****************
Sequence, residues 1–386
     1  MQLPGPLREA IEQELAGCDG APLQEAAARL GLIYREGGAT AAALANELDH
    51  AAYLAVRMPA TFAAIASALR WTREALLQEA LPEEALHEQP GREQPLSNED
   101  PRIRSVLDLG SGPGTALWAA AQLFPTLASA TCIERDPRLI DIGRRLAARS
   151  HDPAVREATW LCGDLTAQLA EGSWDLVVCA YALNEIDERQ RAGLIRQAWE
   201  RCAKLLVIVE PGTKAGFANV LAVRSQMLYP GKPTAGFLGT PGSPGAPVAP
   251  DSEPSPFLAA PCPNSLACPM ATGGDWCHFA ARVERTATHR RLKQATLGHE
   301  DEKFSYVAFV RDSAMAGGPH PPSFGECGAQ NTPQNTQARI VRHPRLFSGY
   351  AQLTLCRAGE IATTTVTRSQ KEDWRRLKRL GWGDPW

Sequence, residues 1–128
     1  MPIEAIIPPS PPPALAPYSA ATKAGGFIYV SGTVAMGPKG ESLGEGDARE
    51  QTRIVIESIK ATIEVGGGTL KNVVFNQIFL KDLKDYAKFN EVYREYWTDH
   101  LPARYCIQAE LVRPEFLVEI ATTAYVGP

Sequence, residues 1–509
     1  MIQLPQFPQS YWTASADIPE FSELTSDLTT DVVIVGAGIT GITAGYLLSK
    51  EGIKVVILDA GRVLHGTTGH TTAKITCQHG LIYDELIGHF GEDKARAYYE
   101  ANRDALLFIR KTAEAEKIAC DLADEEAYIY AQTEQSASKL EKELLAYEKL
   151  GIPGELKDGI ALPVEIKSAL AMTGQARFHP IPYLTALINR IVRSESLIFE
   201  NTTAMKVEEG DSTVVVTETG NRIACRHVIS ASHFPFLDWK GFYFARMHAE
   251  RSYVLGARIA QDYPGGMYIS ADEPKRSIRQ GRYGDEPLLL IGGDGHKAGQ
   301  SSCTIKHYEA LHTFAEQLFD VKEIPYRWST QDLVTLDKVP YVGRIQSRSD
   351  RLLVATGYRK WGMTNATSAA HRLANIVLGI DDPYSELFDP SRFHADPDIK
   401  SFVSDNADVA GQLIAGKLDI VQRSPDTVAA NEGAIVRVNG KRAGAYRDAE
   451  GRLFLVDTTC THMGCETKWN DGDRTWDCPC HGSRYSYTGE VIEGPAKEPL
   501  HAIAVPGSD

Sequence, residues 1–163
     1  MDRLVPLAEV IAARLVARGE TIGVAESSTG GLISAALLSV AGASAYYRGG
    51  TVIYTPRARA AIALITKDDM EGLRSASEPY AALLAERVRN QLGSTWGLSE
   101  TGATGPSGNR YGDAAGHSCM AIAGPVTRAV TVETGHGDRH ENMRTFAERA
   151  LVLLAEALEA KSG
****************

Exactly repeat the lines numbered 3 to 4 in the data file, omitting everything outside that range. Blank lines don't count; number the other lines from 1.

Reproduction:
    51  AAYLAVRMPA TFAAIASALR WTREALLQEA LPEEALHEQP GREQPLSNED
   101  PRIRSVLDLG SGPGTALWAA AQLFPTLASA TCIERDPRLI DIGRRLAARS